I use these for most light cleaning all over the house. They pick up dust without scattering it all over the room. Wring until almost dry and use for streak free window, picture glass, tv screen, computer screen cleaning without chemicals.
The method is to fold the cloth into fourths, turn it over when streaks begin to show, then turn over and use both sides of the fold. Refold until you have used all eight areas of the towel. Then rinse in clear water, wring until almost dry and it is ready to use again.
Rinse, wring well, and hang over a towel rack, they should be completely dry in an hour or so. Never put the cloths in the laundry with fabric softener. Some washers and dryers have so much fabric softener buildup they will still be ruined. Fabric softener clogs the split fibers and the cloth will not absorb water. Instead it becomes water repellant.
Okay, that’s all I know. Have you tried microfiber cloths to wipe away the streaks? 🙂

Jan B says:

Use vinegar in the washer rinse cycle- it removes any detergent buildup instead of adding more. It works beautifully AND is great for sensitive skin- my son has serious problems with eczema and this is recommended by his dermatologists. This has probably been said here before but it is such an important thing to do.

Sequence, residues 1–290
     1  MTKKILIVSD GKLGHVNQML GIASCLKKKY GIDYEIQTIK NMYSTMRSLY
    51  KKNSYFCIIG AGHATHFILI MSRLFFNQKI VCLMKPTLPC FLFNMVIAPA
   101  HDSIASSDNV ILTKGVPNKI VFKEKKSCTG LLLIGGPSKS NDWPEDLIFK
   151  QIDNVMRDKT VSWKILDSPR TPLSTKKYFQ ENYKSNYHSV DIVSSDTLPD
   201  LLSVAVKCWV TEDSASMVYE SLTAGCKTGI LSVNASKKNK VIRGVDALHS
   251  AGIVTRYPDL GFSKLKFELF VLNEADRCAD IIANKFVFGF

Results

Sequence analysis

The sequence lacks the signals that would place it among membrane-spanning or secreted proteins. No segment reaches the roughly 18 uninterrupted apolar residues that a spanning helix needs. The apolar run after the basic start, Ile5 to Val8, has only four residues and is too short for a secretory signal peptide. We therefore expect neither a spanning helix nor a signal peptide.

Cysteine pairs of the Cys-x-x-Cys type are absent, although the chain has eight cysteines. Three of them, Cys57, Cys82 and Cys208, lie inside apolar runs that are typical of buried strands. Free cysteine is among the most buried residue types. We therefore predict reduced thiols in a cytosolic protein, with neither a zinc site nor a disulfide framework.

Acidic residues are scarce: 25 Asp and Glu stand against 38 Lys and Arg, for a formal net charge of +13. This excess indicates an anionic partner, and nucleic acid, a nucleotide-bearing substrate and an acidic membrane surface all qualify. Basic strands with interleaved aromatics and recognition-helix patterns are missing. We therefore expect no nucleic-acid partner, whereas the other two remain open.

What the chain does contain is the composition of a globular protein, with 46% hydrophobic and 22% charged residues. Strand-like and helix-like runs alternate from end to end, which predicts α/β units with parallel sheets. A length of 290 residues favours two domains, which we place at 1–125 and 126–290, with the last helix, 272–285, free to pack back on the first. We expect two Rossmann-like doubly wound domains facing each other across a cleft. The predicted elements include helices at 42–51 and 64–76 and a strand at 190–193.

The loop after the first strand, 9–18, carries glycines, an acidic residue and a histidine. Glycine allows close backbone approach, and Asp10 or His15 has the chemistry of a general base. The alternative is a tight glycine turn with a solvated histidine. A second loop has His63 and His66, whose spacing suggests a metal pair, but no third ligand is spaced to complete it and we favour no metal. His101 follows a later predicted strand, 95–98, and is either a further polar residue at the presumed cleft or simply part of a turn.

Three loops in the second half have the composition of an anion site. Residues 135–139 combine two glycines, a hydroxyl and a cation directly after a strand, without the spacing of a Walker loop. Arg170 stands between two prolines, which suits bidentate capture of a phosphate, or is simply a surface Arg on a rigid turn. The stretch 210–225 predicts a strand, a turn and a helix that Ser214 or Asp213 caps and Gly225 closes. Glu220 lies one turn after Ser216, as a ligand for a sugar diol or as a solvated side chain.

Chris says:

Thanks for your suggestions. I will try them. Love the Sal Suds.

robinconley says:

dee & krystal,
wish i’d seen this before purchase. sad sigh. :(doesn’t say “split” fiber on tags, label or site…hoping it was not a bad-buy.
Ritz® Microfiber Dish Cloth + Bar Mops/towels:
can you tell if they’ll work, or if they just added “microfiber” to sell more?

double jinx: “Some washers and dryers have so much fabric softener buildup they will still be ruined.” mine @ apartment complex, so probably…pre-cleaned in+out with clorex wipes…cold water, sal suds+baking soda, vinegar rinse. cool dryer,

Chris Stg says:

I’ve Dr. the sal suds in water to clean my stainless steel. It leaves marks behind. How would one use the cleaner for stainless steel appliances so that it doesn’t leave cloudy marks behind?

Tara says: